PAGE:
Demand Driven Material Requirements Planning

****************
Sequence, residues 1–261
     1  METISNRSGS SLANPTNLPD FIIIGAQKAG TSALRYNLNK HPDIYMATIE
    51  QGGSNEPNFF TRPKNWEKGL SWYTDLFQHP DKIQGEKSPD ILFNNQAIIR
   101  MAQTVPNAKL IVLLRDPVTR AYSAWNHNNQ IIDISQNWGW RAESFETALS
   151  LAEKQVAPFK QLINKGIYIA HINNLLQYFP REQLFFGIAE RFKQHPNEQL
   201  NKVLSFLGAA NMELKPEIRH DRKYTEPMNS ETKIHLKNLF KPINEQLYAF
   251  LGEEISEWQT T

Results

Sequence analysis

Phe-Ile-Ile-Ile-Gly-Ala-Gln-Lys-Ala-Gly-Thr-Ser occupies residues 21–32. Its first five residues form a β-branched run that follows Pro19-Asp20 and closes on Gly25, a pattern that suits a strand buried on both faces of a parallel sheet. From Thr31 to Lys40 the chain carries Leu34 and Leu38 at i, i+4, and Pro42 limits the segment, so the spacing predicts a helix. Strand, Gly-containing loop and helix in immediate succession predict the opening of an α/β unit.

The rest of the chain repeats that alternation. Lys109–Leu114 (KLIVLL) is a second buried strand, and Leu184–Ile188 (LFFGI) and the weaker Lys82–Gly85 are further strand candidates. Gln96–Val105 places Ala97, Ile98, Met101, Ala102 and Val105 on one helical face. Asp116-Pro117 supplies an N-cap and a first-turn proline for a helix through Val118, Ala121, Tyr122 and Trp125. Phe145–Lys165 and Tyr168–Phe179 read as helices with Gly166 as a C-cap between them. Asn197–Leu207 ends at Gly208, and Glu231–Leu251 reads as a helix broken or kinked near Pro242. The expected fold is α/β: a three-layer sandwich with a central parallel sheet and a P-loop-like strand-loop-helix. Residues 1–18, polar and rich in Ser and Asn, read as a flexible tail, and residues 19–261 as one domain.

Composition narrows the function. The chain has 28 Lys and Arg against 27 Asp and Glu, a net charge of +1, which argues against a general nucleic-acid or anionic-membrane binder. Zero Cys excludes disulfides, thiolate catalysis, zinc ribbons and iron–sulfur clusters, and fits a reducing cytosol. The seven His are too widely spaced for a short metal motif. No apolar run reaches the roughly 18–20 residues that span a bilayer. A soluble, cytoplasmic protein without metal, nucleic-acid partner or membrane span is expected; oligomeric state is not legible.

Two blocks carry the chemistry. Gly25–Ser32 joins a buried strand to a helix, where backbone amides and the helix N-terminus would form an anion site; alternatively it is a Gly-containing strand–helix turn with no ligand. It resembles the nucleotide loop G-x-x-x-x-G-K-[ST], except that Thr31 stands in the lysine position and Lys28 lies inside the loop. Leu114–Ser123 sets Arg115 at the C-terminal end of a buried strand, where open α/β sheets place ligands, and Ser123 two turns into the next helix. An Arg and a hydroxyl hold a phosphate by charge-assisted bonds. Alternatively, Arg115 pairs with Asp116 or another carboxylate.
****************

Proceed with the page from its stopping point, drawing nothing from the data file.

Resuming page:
Abstract: Manufacturing industries used to develop their operation strategies focusing on the cost of manufacturing, high volume production, and stabilizing the customer demand. But due to advancements in technology and evolving customer needs, the market demand became highly volatile, dynamic and customers expected customization, low volume products, and faster deliveries. This evolution in customer needs has pushed the companies to improve their operating systems to be more flexible, agile, and adaptable to the market’s dynamic character. In order to effectively evolves themselves and achieve more flexibility, manufacturing companies had to implement effective manufacturing, planning, and control systems. The first breakthrough in planning systems came in the year 1975 where a systemic approach called material requirements planning was introduced by Orlicky. MRP has become the global for production planning and inventory management in manufacturing industries. Later, over the years, research on the planning systems has brought modifications in MRP and it was evolved into closed-loop MRP. Further into the late 1980’s availability of technology led to an introduction of a newly evolved system called the Manufacturing resource planning which resulted in a holistic approach in material planning involving, financial and accounting functions which improved the planning efficiency. Further advancement in technology resulted in advanced planning systems like Enterprise resource planning and Advanced planning and scheduling. On the contrary, though there has been a lot of advancement in technology and effective production planning methods, there are still discrepancies in obtained results when compared to theory. This is because the existing systems were based either solely on push production or pull production strategy. There is a lack of a hybrid system that includes the positives of both production strategies and negates the MRP conflict. However, in the year 2011, a new concept called demand-driven material requirements planning was introduced by Ptak & Smith, which was a fusion of the core MRP, theory of constraints, and Lean principles. Since the introduction DDMRP has seen an increase in implementation across industries which claimed a significant improvement in performance, on-time delivery, reduction in inventory, and reduced stock-outs. DDMRP has received very little attention in academia due to a lack of awareness among researchers and industries. A literature review approach was used to collect and analyze the data on DDMRP and its advantages. The objective of this thesis was to shed light on the process of DDMRP, its pros, and cons in implementing the new material planning system.
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